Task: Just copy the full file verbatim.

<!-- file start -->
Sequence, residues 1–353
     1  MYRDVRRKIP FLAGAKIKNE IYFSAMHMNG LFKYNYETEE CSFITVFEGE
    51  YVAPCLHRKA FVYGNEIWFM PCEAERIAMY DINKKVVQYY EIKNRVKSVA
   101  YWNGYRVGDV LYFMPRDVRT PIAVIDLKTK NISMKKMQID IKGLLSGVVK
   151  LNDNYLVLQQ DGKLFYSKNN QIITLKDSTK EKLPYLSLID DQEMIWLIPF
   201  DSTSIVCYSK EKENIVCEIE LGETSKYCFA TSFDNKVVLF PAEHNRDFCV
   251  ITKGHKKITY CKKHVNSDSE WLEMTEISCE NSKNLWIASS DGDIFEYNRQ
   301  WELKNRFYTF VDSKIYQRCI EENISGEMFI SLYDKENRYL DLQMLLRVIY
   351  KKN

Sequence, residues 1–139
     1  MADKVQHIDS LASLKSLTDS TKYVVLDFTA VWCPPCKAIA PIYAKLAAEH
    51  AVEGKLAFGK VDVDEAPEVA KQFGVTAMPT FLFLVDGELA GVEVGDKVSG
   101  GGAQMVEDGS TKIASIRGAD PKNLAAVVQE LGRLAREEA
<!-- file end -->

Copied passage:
Sequence, residues 1–353
     1  MYRDVRRKIP FLAGAKIKNE IYFSAMHMNG LFKYNYETEE CSFITVFEGE
    51  YVAPCLHRKA FVYGNEIWFM PCEAERIAMY DINKKVVQYY EIKNRVKSVA
   101  YWNGYRVGDV LYFMPRDVRT PIAVIDLKTK NISMKKMQID IKGLLSGVVK
   151  LNDNYLVLQQ DGKLFYSKNN QIITLKDSTK EKLPYLSLID DQEMIWLIPF
   201  DSTSIVCYSK EKENIVCEIE LGETSKYCFA TSFDNKVVLF PAEHNRDFCV
   251  ITKGHKKITY CKKHVNSDSE WLEMTEISCE NSKNLWIASS DGDIFEYNRQ
   301  WELKNRFYTF VDSKIYQRCI EENISGEMFI SLYDKENRYL DLQMLLRVIY
   351  KKN

Sequence, residues 1–139
     1  MADKVQHIDS LASLKSLTDS TKYVVLDFTA VWCPPCKAIA PIYAKLAAEH
    51  AVEGKLAFGK VDVDEAPEVA KQFGVTAMPT FLFLVDGELA GVEVGDKVSG
   101  GGAQMVEDGS TKIASIRGAD PKNLAAVVQE LGRLAREEA